Architecture can affect mood, productivity, healing, and countless other aspects of human life. Now a researcher at the University of Oregon has discovered that architecture also affects the kind of germs found in various parts of buildings.
Jessica Green, a professor in the University of Oregon’s Institute for Ecology and Evolution, specializes in researching the biology of buildings.
“Although humans in industrialized countries spend nearly 90% of their time in enclosed buildings, we know very little about the biology of the indoor environment,” Green writes in her website. “Airborne microbial communities are intimately connected to human health in many ways, for example through the spread of acute respiratory disease and the increase of asthma symptoms. Despite the obvious significance of the indoor environment to sustainable well-being, little is known about the causes and consequences of microbial biodiversity indoors.”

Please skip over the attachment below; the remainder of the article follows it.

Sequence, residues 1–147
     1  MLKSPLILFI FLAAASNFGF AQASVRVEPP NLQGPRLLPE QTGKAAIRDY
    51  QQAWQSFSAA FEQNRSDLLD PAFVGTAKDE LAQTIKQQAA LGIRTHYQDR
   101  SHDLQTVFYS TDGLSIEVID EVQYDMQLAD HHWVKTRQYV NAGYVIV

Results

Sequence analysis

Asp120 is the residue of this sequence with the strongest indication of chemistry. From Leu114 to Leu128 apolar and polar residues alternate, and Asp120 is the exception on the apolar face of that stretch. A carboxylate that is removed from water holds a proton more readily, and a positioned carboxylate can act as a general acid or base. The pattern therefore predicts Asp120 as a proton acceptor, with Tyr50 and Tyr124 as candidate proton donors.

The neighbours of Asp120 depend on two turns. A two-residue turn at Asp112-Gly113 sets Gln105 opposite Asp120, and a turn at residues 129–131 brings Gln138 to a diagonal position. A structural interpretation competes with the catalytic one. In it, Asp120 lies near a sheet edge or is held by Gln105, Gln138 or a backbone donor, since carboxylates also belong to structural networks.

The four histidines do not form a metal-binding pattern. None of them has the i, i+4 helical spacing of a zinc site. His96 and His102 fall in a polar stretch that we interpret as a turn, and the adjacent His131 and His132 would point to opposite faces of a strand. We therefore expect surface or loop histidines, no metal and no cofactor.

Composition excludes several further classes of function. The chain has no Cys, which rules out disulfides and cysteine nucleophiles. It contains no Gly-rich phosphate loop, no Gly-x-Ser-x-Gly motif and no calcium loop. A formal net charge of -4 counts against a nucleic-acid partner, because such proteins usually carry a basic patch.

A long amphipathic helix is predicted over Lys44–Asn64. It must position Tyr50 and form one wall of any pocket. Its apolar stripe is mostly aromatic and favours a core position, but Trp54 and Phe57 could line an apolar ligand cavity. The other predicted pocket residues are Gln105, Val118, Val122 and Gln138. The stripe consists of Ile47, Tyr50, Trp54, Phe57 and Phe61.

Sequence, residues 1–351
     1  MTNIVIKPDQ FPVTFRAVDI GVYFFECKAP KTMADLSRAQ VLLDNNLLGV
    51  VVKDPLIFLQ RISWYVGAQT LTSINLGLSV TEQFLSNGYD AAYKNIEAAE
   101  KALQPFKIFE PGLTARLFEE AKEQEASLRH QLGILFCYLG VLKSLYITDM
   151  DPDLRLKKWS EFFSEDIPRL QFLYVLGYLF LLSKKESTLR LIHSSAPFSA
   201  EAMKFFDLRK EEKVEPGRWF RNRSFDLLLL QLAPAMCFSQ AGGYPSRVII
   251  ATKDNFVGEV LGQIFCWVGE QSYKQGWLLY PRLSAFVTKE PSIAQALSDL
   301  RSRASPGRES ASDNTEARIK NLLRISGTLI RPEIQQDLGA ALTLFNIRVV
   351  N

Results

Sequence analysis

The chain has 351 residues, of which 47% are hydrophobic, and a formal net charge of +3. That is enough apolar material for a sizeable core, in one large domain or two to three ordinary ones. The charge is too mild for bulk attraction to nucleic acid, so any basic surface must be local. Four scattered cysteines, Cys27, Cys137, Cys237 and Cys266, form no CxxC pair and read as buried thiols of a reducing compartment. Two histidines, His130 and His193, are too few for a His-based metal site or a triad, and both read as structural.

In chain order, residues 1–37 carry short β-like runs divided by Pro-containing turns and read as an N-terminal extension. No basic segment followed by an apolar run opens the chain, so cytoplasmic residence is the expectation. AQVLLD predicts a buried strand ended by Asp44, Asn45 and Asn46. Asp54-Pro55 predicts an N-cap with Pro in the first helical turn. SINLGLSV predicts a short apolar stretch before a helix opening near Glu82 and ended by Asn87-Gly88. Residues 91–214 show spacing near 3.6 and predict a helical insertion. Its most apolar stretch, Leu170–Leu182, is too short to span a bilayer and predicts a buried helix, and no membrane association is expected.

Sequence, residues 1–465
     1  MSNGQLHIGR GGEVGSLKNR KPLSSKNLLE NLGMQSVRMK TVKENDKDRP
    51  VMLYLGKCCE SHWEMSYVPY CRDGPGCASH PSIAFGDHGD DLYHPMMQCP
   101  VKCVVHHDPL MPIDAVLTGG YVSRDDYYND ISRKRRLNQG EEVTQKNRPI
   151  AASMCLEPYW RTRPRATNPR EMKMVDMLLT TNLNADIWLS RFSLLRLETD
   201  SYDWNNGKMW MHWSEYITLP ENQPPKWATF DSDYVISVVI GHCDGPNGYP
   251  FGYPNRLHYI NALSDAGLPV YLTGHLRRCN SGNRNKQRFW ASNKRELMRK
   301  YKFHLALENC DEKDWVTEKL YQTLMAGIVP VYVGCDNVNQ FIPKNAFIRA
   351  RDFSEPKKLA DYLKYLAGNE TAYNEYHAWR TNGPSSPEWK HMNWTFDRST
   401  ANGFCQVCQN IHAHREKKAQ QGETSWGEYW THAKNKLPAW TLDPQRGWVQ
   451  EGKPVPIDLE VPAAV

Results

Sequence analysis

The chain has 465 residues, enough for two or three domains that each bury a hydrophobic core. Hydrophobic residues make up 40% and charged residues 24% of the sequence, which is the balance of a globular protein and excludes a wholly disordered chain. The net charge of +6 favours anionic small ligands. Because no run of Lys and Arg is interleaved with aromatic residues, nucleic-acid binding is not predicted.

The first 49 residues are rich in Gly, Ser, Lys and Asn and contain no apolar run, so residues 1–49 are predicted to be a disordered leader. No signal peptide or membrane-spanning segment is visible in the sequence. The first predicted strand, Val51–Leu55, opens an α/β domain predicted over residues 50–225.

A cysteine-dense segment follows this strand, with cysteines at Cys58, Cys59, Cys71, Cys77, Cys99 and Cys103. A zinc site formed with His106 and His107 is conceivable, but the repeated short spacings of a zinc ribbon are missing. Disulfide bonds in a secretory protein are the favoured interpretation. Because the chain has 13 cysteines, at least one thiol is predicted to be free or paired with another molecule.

Green notes that ample evidence shows that building design is closely linked to indoor air quality. For example, how air flows in a building, what surface treatments are used, and how human traffic moves through a space all influence the type and quantity of germs in a building.
For example, in one study Green and her colleagues vacuumed up dust samples throughout a university building and analyzed the bacteria found in each sample. The researchers discovered that rooms that had frequent visitors, such as classrooms and restrooms, were populated with bacteria commonly found on human skin. In contrast, offices had more bacteria that live in soils, especially offices with windows. And spaces that were mechanically ventilated had higher quantities of a bacteria called Deinoccoccus, which evidently grows well in hot, dry air.
None of these findings is particularly surprising, but the study makes clear how building design affects the microbes living within them, and in turn may affect the human inhabitants.
For more information on this topic, read Green’s website here.